This book is Ireland. For even though James and Nora Joyce
left Ireland and lived in Europe almost their entire lives, the
tone, the feel is ever Ireland.
In 1903 over 30,000 Irish left their shores and headed to
America. Large families waited on the docks, dragging
meager bags of belongings, herding seven or eight little kids
with the mothers clutching “last year’s baby.”
With that term of “last year’s baby” I was stopped cold–on
page three of this book. This was to be an Irish tale all right.
The book is the biography of Nora Joyce written in 1988. But
it can’t be written without writing about James Joyce, so that’s
where we begin.
Joyce was fortunate that his family still had some position when
he was a young man, and he went to Belvedere Prep School–
where he came in first of all of Ireland in English compostion.
He went on to graduate from University College in Dublin.
While there he made three friends who were to play parts in
Gogarty–a medical student, model for Buck Mulligan in Ulysses;
Vincent Cosgrove–a medical student, model for Lynch in Portrait
and Ulysess, and Robert in Exiles; and John Francis Byrne–
model for Cranly in Portrait.
And who was the model for his female protagonists? Try to guess.
Joyce’s mother dies in 1903. He does nothing to help his father
with the burden of supporting nine younger children. Joyce is
anxious to leave Ireland and its “priest-ridden land.” His father
agrees that “No one with any self-respect stays in Ireland.”
In 1904 Joyce meets Nora. His eyesight is poor even at this
young age, but he sees and falls in love with a tall, auburn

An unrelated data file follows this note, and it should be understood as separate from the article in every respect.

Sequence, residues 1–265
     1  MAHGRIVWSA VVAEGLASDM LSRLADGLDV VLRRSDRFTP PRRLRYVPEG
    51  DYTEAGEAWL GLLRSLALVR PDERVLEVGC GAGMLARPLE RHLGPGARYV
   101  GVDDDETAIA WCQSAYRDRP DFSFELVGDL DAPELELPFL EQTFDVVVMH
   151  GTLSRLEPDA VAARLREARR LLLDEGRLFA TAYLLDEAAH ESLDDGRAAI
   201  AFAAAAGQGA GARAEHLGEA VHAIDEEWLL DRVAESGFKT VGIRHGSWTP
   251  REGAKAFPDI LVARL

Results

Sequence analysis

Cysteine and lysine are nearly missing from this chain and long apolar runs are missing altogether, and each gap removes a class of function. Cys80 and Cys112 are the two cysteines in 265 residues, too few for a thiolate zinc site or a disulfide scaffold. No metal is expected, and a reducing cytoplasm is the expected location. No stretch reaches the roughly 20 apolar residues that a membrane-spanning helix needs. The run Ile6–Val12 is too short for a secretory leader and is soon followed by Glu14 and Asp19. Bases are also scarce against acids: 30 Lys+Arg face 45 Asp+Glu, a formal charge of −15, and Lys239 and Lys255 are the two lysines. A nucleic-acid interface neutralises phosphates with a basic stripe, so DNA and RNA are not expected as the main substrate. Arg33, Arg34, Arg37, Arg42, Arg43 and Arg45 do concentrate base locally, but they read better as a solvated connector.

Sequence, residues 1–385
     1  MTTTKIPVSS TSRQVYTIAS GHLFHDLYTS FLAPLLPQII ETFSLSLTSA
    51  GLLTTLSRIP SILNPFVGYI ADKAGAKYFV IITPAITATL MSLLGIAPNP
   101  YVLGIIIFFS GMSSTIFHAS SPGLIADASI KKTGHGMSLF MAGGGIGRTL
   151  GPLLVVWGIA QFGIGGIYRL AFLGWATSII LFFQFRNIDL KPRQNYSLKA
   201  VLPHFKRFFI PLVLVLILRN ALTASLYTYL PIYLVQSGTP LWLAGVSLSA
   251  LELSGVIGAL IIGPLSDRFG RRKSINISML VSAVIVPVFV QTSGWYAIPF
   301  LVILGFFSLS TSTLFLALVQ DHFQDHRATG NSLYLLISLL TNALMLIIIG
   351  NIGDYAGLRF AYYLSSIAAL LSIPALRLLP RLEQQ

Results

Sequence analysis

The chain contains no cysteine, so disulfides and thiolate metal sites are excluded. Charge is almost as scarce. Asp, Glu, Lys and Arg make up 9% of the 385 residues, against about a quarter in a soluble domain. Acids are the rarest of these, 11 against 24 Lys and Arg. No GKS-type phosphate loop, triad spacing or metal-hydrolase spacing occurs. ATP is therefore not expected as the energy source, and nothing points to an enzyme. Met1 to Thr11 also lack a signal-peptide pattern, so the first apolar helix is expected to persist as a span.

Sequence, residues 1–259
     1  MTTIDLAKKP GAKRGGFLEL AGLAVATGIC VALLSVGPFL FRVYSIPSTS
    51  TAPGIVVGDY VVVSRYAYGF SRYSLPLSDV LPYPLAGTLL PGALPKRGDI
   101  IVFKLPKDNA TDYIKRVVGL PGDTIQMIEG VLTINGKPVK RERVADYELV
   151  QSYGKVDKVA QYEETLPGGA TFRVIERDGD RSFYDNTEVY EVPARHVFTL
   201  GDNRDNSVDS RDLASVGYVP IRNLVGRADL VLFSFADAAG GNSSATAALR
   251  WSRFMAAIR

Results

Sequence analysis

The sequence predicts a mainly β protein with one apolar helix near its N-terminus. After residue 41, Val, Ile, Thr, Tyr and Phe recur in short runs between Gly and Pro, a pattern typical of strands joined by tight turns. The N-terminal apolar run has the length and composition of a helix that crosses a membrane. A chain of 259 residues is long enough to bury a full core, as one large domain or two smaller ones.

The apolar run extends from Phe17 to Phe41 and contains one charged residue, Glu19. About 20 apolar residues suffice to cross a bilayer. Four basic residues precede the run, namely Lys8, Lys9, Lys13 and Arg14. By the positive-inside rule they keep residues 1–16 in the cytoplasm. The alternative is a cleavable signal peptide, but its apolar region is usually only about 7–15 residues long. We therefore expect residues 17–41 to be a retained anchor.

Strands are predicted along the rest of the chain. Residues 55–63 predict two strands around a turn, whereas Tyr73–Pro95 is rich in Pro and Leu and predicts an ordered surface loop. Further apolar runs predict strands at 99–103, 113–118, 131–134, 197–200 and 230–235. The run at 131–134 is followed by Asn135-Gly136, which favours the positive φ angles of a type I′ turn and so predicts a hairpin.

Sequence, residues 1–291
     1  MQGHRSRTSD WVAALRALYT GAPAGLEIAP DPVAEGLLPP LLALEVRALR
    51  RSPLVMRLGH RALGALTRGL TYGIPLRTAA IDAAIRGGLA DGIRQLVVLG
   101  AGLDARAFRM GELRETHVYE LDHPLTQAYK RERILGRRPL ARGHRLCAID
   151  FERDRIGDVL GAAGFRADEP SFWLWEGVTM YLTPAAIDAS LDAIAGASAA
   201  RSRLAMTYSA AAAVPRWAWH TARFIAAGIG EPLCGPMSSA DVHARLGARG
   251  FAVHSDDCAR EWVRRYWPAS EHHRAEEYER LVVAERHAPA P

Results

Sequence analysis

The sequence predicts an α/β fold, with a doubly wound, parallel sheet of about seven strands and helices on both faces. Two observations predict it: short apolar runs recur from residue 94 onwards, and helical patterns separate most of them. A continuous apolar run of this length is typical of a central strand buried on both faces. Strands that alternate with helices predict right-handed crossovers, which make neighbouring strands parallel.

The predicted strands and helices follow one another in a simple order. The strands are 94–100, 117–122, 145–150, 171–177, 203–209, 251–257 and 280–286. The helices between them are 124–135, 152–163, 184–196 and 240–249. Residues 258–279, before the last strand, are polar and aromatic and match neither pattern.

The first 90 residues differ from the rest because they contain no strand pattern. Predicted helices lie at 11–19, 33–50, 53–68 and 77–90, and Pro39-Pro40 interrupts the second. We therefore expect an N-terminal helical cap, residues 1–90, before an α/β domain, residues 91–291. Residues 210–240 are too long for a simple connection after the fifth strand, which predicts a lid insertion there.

haired beauty who works at Finn’s Hotel in Dublin. Her name
is Nora Barnacle—and throughout his writing Joyce refers to
geese often, and barnacle geese in particular as nods to Nora.
She has come/run away really from Galway and is on her own.
He makes sure she knows that he is being recognized for his
writing–two poems have been published, which Nora memorizes,
and he also sings occasionally in concerts. His first story, The
Sisters, is published during the summer.
He tells her he wants to leave Ireland and she hopes to go with him.
They “elope” without benefit of clergy at the end of the summer and
go to Zurich where Joyce is expecting to work at a Berlitz school.
Both left large families, but were not close to them, alienated, in fact,
except for Joyce’s brother Stanislaus who eventually joins them in
Europe. Both had fathers who were unable or unwilling to support
large families with many girls.
In this book, they move so many times, I couldn’t keep track. But
they always seemed to live in “bad rooms at good addresses.”
They had no money and frequently begged Stanislaus, with a steady
job, for financial help—-for years. Joyce relates all of his personal
stories, and Nora’s to Stanislaus. And for all the years to come,
Stanislaus keeps the letters that pass among the family.
Joyce teaches intermittently, works on his writing always. Despite
having no money, they are spendthrifts and dine out constantly.
They move to Trieste, Stanislaus, too, then to Rome. Joyce is trying
to get Dubliners published but Ireland is dismayed with its content
and anti-Catholic viewpoint and refuses to publish it. He continues
to work on A Portrait of the Artist as a Young Man.
Georgio is born. Nora, essentially alone in a strange land, clings to
the baby and develops “a closeness to Giorgio and a dependence upon
him from which neither she nor the boy ever escaped.”
Joyce realized that he had led Nora, only twenty-two, into a strange
country that had disoriented her. “She was his portable Ireland, yet
he had sacrificed her Irishness to the needs of his art.” Her wit,
her personality, her methods of writing–Nora’s ways were the
sense of Ireland he needed for his writing, and he used them.
Two years later Lucia is born. Joyce takes Georgio back to Dublin
to show the family, and to try to get Dubliners published. While he
is in Dublin–about the only time he and Nora are ever apart–a
series of letters is written between them–a series that gives us
more detail about them than we need or want to know. I closed
the book for a couple of weeks.